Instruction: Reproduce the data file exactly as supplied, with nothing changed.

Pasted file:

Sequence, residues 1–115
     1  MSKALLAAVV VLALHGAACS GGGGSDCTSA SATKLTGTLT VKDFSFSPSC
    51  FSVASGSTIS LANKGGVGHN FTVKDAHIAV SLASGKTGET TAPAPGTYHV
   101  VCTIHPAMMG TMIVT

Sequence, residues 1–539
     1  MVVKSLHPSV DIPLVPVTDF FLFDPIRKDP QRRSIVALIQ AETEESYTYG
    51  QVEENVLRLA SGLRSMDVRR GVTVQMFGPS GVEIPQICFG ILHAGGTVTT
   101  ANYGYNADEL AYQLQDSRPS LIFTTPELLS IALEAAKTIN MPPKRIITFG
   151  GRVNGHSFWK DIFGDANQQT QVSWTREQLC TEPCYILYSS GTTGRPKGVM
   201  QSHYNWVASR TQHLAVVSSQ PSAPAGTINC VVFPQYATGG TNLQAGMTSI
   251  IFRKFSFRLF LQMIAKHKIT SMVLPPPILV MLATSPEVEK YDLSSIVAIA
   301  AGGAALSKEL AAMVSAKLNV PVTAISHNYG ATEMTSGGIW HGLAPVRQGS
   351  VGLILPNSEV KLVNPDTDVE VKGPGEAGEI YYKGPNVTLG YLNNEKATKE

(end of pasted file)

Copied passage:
Sequence, residues 1–115
     1  MSKALLAAVV VLALHGAACS GGGGSDCTSA SATKLTGTLT VKDFSFSPSC
    51  FSVASGSTIS LANKGGVGHN FTVKDAHIAV SLASGKTGET TAPAPGTYHV
   101  VCTIHPAMMG TMIVT

Sequence, residues 1–539
     1  MVVKSLHPSV DIPLVPVTDF FLFDPIRKDP QRRSIVALIQ AETEESYTYG
    51  QVEENVLRLA SGLRSMDVRR GVTVQMFGPS GVEIPQICFG ILHAGGTVTT
   101  ANYGYNADEL AYQLQDSRPS LIFTTPELLS IALEAAKTIN MPPKRIITFG
   151  GRVNGHSFWK DIFGDANQQT QVSWTREQLC TEPCYILYSS GTTGRPKGVM
   201  QSHYNWVASR TQHLAVVSSQ PSAPAGTINC VVFPQYATGG TNLQAGMTSI
   251  IFRKFSFRLF LQMIAKHKIT SMVLPPPILV MLATSPEVEK YDLSSIVAIA
   301  AGGAALSKEL AAMVSAKLNV PVTAISHNYG ATEMTSGGIW HGLAPVRQGS
   351  VGLILPNSEV KLVNPDTDVE VKGPGEAGEI YYKGPNVTLG YLNNEKATKE